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Parts Of The Mouth And Their Functions

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The mouth, or oral cavity, is made up of numerous components that work together so that you can breathe, speak, eat and digest food. When you understand these parts of the mouth and how they affect your general health, the significance of oral care takes on a whole new meaning. Here's what these things do for you.

Lips and Cheeks

Your lips and cheeks are made up of muscles that not only give you the ability to pucker up for a kiss, but also help shape your facial expressions – both happy and sad. Lips let air into your mouth for breathing and, together with cheeks, help you speak. They also keep food and saliva in your mouth while chewing. Ultimately, these strong muscles guide and keep your teeth in their proper positions.


The tongue is a powerful muscle that facilitates chewing, swallowing, speaking and tasting food. With the use of taste buds – sensory receptors located on your tongue, according to InnerBody – you can enjoy the food you eat. You have about 10,000 taste buds on your tongue and other areas of your mouth, allowing you to detect sweet, salty, bitter and savory flavors.

Teeth, Gums and Alveolar Bone

Your teeth have a hard enamel crown along with roots that anchor them in your jaw bone. The alveolar bone surrounds the roots to stabilize the teeth in your mouth, while gum tissue also holds the teeth in place and protects the roots from decay. The main function of your teeth is to tear and chew food so it can properly undergo digestion, but teeth also give your face its shape and help you pronounce certain sounds (and aesthetically, they make for beautiful smiles).

Salivary Glands

You have six salivary glands that produce the clear liquid known as saliva. Made up of mostly water, saliva also contains substances that break down food to begin the digestive process. In addition, saliva moistens your mouth so that you can easily speak, chew and swallow. It also repeatedly washes bacteria from your teeth and gums to help prevent cavities and gum disease. The minerals and proteins found in saliva play a vital role in protecting the enamel of your teeth from tooth decay, and your body produces about two to four pints of saliva a day.

Temporomandibular Joint

Your ability to open and close your mouth, move your lower jaw forward and side to side, as well as chew, speak and swallow is all thanks to the temporomandibular joints (TMJ). These two joints are located on both sides of your head and work together with your jaw bone, facial muscles and ligaments. Any disruption in the synchronization of this pair – like arthritis or grinding your teeth – can result in facial pain, difficulty in chewing and other hindrances to normal jaw movement.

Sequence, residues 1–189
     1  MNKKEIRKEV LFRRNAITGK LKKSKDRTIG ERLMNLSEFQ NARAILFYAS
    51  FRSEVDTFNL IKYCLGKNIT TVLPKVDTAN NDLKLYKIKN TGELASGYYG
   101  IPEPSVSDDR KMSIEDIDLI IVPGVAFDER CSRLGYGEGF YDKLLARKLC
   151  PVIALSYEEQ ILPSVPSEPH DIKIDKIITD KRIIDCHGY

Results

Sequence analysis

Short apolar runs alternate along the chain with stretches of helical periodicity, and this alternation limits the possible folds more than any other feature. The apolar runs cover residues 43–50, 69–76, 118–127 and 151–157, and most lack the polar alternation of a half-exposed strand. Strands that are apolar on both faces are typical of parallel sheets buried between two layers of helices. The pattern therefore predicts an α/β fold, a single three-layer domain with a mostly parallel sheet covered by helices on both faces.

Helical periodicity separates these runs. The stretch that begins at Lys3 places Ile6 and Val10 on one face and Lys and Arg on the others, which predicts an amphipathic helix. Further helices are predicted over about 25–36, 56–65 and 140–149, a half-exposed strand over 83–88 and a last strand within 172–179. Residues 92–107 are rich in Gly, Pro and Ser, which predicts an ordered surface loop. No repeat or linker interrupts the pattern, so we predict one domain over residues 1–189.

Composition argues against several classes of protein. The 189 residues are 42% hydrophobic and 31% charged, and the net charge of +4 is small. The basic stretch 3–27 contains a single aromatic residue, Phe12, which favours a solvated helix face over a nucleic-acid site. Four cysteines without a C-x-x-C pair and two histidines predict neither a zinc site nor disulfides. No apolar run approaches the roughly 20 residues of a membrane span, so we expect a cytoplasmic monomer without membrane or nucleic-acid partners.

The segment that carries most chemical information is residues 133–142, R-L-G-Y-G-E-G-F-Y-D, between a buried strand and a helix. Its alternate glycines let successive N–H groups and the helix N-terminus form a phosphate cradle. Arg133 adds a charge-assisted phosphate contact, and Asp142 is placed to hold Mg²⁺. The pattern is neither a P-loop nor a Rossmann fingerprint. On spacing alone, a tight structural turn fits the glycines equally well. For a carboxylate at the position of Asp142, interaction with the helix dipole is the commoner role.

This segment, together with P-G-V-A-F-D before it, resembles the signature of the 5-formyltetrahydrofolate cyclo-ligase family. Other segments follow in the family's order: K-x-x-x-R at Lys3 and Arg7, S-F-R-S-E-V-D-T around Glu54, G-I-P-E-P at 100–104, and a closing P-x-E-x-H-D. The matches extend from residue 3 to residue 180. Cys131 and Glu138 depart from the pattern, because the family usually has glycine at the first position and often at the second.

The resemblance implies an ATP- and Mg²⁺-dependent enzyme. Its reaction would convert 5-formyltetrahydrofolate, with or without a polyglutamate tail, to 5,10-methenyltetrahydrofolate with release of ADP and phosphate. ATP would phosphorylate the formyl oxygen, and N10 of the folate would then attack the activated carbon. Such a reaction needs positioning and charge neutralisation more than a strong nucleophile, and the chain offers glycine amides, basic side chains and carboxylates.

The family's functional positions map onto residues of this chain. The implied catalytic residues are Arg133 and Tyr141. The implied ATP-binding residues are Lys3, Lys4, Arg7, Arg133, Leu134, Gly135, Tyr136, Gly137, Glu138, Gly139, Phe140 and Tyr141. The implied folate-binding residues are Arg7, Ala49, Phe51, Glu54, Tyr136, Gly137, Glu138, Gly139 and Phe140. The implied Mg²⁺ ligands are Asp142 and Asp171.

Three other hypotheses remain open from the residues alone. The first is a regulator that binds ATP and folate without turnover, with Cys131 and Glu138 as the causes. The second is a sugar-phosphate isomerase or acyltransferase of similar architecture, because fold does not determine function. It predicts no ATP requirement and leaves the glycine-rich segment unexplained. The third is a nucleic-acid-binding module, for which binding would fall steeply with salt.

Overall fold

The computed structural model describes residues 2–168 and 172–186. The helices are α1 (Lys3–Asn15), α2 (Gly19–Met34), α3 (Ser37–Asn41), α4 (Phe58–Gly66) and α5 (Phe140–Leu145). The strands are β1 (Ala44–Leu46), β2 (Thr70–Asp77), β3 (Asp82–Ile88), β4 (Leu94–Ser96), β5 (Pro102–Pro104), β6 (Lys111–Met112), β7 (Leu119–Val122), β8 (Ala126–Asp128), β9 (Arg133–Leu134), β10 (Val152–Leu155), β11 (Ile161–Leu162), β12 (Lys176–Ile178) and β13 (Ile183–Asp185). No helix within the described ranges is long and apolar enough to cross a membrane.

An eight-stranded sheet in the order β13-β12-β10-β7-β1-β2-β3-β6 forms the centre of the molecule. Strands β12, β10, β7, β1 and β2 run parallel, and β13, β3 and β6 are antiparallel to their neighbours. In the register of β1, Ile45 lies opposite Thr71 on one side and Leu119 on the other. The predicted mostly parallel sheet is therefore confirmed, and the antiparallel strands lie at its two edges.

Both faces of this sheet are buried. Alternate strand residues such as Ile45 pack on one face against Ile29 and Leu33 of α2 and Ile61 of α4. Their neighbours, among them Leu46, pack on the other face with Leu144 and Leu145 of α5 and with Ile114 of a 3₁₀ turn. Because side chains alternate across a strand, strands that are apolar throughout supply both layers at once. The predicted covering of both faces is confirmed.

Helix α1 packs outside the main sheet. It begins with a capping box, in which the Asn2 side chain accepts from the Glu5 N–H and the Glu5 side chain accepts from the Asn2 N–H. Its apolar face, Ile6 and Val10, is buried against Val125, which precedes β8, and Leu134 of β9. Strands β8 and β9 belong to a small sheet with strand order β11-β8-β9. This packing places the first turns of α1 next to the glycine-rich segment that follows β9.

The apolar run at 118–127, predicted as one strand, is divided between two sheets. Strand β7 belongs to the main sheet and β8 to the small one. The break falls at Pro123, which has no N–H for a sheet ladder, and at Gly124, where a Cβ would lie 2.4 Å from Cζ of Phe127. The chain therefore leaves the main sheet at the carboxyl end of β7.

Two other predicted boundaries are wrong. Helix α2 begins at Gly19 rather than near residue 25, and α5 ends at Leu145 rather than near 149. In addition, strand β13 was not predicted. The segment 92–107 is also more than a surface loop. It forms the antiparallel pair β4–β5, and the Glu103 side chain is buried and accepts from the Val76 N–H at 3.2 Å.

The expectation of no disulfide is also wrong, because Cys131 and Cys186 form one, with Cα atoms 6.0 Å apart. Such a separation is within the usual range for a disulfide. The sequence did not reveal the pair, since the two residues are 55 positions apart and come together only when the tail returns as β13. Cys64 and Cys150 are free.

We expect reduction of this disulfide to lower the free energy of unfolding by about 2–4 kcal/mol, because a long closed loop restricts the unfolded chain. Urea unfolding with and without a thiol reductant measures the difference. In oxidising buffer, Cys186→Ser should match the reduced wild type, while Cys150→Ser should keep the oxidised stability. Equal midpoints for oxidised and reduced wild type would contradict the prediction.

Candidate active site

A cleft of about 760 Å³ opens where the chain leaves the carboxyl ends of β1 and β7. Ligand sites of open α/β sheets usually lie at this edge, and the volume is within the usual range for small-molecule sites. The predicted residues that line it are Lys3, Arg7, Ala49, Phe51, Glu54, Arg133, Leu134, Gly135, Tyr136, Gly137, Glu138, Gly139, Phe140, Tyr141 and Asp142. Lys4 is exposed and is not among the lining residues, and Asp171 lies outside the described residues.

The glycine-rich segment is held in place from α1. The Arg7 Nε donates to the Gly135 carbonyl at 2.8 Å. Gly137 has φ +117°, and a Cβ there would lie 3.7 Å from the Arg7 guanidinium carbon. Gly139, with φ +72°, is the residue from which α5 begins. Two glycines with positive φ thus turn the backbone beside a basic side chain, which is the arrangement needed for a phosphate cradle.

Keeping Your Oral Cavity Healthy

An oral hygiene routine that keeps all parts of the mouth healthy consists in brushing your teeth twice a day, using fluoride toothpaste and cleaning between your teeth with dental floss. To keep those taste buds sharp, brush your tongue regularly as well. Rinsing with an antimicrobial mouthwash can also reduce the amount of bacteria in your mouth at any one time and fight bad breath germs. Just as important, avoiding tobacco products and limiting sugars and carbohydrates that lead to decay benefits your health well beyond the areas described above.


It's important to schedule regular dental appointments and professional cleanings, which remove the tartar and plaque your toothbrush can't reach. Take comfort in knowing that your dentist will also do an oral cancer screening and check every area of your mouth for signs of disease.


Although pretty teeth are important, a healthy mouth is much more than that. Keeping all the parts of your mouth in good working order won't just ensure good dental health, but a healthy body too.

This article is intended to promote understanding of and knowledge about general oral health topics. It is not intended to be a substitute for professional advice, diagnosis or treatment. Always seek the advice of your dentist or other qualified healthcare provider with any questions you may have regarding a medical condition or treatment.